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Turkish PM cautions against ‘Christian fortress Europe’

10th Sep 2015
Turkish PM cautions against ‘Christian fortress Europe’
LONDON (AA): Turkish Prime Minister Ahmet Davutoglu has said the strategy of some European leaders to invoke Christianity as a rallying cry to keep refugees out will not resolve the crisis at hand.

In an article for the U.K. newspaper The Guardian published Wednesday, Davutoglu noted that the European Union had been grappling with migration since its inception.

“Some European leaders, as if to suggest that nothing can be learned from history, are even invoking Christianity as a rallying cry to keep the refuge-seekers out,” he observed.

The prime minister also mentioned the turmoil in the Middle East and north Africa, saying the number of refugees, asylum seekers and internally displaced people worldwide had reached almost 60 million, which was a historic record.

“It is high time for Europe to look in the mirror, be honest about what it sees in the reflection, to stop procrastinating and start assuming more than its fair share of the burden. Radical politicians must not be allowed to pull the wool over the eyes of the European people,” he said.

He said in the article that millions, including Africans or Asians, Muslims or Christians and Arabs or Kurds were not migrating of their own volition, they were forced to do so because of war, inter-communal strife, violence, famine, disease and discrimination.

Davutoglu emphasized that Turkey could not succeed alone, saying: “The convenient reflex of putting the onus on Turkey, adopting a purely defensive approach with wholesale security measures and building walls to create a Christian ‘fortress Europe’ may be attractive to those who have understood nothing about European history, but it will not work”.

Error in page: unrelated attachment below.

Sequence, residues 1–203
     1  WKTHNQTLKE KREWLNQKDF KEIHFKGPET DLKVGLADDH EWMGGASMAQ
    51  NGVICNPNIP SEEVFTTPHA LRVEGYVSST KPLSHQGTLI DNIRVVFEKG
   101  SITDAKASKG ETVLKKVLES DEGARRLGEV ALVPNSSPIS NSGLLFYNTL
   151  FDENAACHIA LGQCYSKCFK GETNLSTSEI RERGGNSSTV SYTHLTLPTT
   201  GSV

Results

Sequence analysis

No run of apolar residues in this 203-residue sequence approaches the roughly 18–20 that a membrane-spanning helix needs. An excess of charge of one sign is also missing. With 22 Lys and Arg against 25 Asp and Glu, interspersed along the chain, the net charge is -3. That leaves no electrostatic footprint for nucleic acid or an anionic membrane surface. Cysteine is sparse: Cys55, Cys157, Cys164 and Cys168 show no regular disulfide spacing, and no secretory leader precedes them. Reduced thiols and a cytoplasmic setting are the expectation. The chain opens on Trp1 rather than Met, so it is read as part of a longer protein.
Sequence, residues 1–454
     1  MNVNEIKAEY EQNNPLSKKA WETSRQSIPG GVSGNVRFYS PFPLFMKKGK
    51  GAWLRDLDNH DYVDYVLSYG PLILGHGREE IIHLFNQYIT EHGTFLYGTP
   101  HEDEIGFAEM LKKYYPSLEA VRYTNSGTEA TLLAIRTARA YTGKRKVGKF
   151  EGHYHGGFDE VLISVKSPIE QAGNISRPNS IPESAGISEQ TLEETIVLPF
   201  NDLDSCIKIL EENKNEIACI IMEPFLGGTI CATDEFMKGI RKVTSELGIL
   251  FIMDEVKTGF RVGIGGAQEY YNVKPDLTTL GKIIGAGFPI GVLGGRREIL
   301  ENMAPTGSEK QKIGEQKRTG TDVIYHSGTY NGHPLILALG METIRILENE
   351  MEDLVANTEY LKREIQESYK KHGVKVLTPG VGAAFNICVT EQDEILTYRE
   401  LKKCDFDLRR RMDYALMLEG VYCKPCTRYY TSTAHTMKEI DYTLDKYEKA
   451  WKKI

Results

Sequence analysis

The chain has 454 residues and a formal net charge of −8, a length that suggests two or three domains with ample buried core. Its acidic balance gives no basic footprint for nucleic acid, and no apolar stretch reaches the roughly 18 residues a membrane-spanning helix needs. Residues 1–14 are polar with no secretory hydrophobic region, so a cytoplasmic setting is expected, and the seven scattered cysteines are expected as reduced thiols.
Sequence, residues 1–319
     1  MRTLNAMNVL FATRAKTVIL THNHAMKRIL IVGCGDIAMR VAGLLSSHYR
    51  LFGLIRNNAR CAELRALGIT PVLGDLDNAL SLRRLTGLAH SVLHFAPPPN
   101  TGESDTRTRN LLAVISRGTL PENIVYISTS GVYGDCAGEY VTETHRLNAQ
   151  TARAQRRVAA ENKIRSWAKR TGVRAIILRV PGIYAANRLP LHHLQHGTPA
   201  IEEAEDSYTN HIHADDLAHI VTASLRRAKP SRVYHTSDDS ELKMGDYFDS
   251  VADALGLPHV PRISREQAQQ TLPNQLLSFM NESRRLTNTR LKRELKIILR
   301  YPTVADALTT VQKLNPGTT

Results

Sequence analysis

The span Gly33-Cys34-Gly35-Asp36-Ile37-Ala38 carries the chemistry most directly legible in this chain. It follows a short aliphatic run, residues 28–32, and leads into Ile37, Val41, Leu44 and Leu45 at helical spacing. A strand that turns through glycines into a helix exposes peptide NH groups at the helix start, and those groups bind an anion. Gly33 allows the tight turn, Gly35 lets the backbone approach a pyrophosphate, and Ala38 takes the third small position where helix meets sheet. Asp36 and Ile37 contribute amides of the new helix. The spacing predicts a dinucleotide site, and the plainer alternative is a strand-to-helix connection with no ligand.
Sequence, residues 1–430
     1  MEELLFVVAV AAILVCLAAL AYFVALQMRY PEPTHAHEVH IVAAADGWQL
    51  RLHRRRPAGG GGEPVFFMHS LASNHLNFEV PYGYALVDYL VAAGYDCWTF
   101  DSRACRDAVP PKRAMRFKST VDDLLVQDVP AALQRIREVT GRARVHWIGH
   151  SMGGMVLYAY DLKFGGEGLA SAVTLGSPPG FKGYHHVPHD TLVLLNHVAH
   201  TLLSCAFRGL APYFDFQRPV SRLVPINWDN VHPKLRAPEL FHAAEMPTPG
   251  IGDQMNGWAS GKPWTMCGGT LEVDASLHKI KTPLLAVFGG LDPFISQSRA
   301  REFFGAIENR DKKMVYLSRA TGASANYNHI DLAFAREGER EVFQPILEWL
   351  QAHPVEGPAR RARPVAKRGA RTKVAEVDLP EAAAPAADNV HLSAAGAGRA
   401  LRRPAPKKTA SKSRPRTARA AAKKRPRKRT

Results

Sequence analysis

He highlighted the fact that the Turkish people had made huge sacrifices in hosting more than two million Syrians and Iraqis. By doing so, Turkey damped the mass influx to the EU and effectively became a buffer between chaos and Europe, he noted.

“Meanwhile, EU member states account for ridiculously low shares in the global resettlement rates,” he added.

He also underlined that Turkey had spent more than $6 billion (£3.9 billion) on Syrians, Iraqis and other refugees in Turkey while the international community contributed just $417 million in total, out of which only $165 million was from EU nations.

“The concept of burden-sharing has become a meaningless catchphrase,” he wrote.

He called on EU member states to shoulder their responsibility and show humility in their response to the refugee crisis.

“The heartrending images of the lifeless body of three-year-old Alan Kurdi, washed up on the shores of the Aegean, rightfully prompted a massive outpouring of indignation, particularly in Europe,” he said.

The incident occurred on September 2, in which 12 Syrian refugees, including eight children drowned after their boat sank en route to the Greek islands in the Aegean Sea.

“The time has come for Europe to get its act together on migration. EU members must shoulder their responsibility, show humility, be more open and adopt a humane stance in the face of this real humanitarian tragedy,” he said.

Turkey remains ready to work in concert with our European partners to address this humanitarian catastrophe, he added.

The UN refugee agency said recently that at least 850,000 people are expected to cross the Mediterranean this year and in 2016, and more than half of the refugees who reached Europe this year are Syrians with 51 percent.

The Syria conflict began in early 2011 when the regime of President Bashar al-Assad responded with force to protests that erupted as part of the Arab Spring uprisings.

More than four years of intense fighting has left the country divided between pro-Assad forces and a number of heavily-armed opposition factions, which are often at odds among themselves.

Roughly half of the country’s population has been displaced by the violence, with over four million Syrians now seeking refuge in neighboring countries, especially Turkey, Lebanon, Jordan and Iraq.

Author: Fatma Bülbül
[Photo: Refugees protest against waiting for hours at a refugee collection point near the Roszke crossing, the first stop before people are brought to a registration camp on September 9, 2015 in Hungary. Photographer: Mehmet Yılmaz/Anadolu Agency]

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